European stock markets are sharply lower due to the relaunched gas price that is hitting the European economy. The euro stoxx 600 is in its worst year since the 2008 financial crisis.
Industrialists speak of irreversible damage to European industry, while European energy ministers will not meet until Friday. The split between a bleeding economy and a Europe that is taking its time only exacerbates the malaise. All European indices are 1 to 2 percent in the red. The Bel20, together with the French and Dutch stock exchanges, is among the strongest decliners.
The stock markets immediately plunged into the red from the opening as a result of the sharp rise in gas prices. In Brussels, industrial and financial stocks in particular fell. Solvay and Aperam were among the biggest losers. Their industrial installations are particularly energy-intensive, increasing their costs. Aperam previously shut down its stainless steel factory in Genk. The expensive production costs also coincide with a drop in demand and order books coming under pressure. A problem for Europe is that the energy shock is much more limited in other parts of the world.
Financial stocks, on the other hand, are falling again for fear of the economic downturn. A recession results in more defaults. In Brussels, this mainly puts pressure on KBC Group, which has an important second home market in Central Europe. Growth stocks are also taking a hit.
The energy crisis overshadows the decision that the European Central Bank (ECB) must make on Thursday. The ECB is expected to raise interest rates by 0.50 or even 0.75 basis points. Some economists expect the European deposit rate to reach 1.50 to 1.80 points by the end of this year. This while the recession is expected to manifest itself mainly in the fourth quarter and 2023 will also be a lost year for the European economy.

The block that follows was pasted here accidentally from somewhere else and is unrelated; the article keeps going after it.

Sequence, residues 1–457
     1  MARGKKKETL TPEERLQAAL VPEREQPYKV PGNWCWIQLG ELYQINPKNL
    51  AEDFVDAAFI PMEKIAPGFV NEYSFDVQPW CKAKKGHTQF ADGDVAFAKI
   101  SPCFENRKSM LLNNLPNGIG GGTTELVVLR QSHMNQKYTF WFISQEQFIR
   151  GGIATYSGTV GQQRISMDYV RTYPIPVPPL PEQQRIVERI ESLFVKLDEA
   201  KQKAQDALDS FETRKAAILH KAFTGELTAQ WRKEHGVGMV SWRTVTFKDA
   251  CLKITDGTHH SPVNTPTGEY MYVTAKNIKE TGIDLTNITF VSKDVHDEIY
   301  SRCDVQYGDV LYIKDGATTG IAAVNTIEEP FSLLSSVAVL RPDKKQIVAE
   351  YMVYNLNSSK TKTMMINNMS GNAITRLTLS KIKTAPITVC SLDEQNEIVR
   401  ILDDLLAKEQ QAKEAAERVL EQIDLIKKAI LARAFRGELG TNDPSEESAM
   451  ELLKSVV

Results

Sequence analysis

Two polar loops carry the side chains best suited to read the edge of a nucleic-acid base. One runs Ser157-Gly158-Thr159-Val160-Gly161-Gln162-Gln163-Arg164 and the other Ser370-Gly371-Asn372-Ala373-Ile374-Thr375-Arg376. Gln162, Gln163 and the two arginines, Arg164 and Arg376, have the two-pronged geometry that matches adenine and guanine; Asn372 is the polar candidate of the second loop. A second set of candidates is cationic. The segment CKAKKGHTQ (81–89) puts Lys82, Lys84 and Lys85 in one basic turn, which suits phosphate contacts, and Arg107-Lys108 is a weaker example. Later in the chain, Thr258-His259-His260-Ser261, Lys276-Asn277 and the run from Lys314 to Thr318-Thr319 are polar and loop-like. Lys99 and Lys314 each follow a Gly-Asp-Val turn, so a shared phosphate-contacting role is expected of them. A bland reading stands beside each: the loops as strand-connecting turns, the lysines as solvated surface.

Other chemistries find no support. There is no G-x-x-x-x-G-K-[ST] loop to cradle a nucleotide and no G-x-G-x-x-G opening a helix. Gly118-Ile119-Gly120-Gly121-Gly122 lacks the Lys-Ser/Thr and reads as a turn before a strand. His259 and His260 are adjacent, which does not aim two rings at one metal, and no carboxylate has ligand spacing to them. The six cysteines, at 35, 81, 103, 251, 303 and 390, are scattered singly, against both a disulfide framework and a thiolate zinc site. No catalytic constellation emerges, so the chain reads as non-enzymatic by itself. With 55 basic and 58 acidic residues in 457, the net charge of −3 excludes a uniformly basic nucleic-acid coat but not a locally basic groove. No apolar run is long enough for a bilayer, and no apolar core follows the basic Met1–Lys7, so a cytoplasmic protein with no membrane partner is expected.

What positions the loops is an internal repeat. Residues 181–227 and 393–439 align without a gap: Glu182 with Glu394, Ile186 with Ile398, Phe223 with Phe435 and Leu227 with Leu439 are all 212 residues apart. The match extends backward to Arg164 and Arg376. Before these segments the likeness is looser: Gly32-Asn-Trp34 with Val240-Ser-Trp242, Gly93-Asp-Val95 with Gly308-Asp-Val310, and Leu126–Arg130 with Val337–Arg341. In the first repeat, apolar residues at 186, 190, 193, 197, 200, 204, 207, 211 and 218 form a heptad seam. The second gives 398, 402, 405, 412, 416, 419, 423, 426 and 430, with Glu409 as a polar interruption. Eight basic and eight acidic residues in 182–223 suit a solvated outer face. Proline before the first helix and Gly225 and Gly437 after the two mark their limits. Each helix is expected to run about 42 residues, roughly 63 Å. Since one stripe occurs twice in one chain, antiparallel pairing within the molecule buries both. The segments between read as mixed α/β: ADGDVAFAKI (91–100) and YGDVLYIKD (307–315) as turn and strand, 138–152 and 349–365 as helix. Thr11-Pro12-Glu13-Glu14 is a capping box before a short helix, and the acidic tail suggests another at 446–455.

In the Bel20, the index of the 20 most important stocks, not a single stock is in the plus. Since the start of the year, the Bel20 has been around 17.5 percent lower. It is a painful awakening, especially for investors who rediscovered the stock market very late after years of barely receiving interest on their savings.
The euro stoxx 600, the index of 600 most important companies, has been trading up to 16 percent in the red since the start of the year. That is the biggest drop since 2008, when the financial crisis brought down the banking system.
Not only are European equities losing ground, the euro also remains under pressure with a price of $0.99. It is the first time in two decades that the euro has been so weak against the dollar. A weak euro is theoretically good for exports, but today it mainly makes imports more expensive, so it puts even more pressure on the inflation problem.